The XUV700 comes with either a 2.0 litre petrol and 2.2 litre diesel option, both of which can be had with a 6 speed manual or torque convertor automatic. The 2.0litre turbo petrol is the same M Stallion engine we first saw in the petrol Thar, but instead of making 150bhp, it produces a staggering 197bhp here. It is easily the fastest car in its class clocking 0-100kmph in 9.3 seconds and petrolheads will love it. Power comes in about 1500rpm and it pulls well till just under 5000rpm. It is smooth and quite torquey and when paired with the 6-speed automatic, quite easy to drive. The downside is, with nearly two tonnes of car around it, it’s not very fuel efficient.
The 2.2 litre M Hawk diesel is a pretty decent allrounder as well. It is very refined for a diesel and with 185bhp, it is still fast too. The diesel manual does 0-100kmph in around 10.1 seconds. There are three power modes – Zip, Zap and Zoom which sounds like they were designed by a six-year-old. There is noticeable difference in each with Zip cutting down power to 155bhp, the Zap giving you the full 185 bhp and Zoom giving you better throttle responses along with it. The gearshifts in the manual are not all that slick, but it is perfectly short geared to drive around in town.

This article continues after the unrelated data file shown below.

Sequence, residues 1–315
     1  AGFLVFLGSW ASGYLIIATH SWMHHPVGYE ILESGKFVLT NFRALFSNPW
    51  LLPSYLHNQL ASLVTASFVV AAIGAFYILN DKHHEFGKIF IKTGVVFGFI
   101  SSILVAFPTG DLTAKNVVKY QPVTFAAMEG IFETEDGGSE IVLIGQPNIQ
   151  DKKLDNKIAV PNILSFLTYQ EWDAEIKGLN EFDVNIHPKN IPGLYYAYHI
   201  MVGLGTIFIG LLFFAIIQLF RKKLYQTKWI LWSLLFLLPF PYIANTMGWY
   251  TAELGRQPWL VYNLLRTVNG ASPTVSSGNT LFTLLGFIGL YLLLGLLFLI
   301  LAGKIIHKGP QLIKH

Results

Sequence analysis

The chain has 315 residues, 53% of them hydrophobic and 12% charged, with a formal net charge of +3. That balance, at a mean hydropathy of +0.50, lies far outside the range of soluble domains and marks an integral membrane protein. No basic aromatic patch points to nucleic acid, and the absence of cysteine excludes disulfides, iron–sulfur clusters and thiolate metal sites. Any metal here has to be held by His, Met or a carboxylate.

The XUV700 has seen a lot of work go into its suspension. It has frequency selective dampers (much like in the Jeep Compass) which give a smooth ride at slow speeds while remaining stiff for good handling. The steering feel is decent, it changes direction and grips well for a big SUV. The highspeed stability was great when we drove it near its 200kmph top speed at the Mahindra test track. The ride quality isn’t perfect, but is way better than it was in the XUV500. The ADAS systems seem to work well in the XUV700 with adaptive cruise control being the most notable addition. It lets you maintain a fixed distance from the car in front so when it slows down and stops, you do the same and when it speeds up you speed up. This is particularly handy in stop and go traffic conditions.
The XUV700 is an SUV with lots of features, acres of space, advanced driver aids, competent engines, good ride and handling packed into it. There are automatics for those who want it and it even has an all-wheel drive equipped variant on offer. The base model pricing was quite interesting when Mahindra announced they will start around the 12 lakh rupee mark. While the diesel base model diesel is a 155bhp detuned version, the petrol manual is still the full spec four cylinder with 200bhp and 200kmph top speed. To give you and idea of its value proposition, most SUVs in that price range are the sub four metre compacts with tiny 3 cylinder turbo-petrols making about 120bhp max. Goes on to show how overpriced other manufacturer’s cars are but this Mahindra will certainly make them rethink their pricing.
Pic Courtesy: google/ images are subject to copyright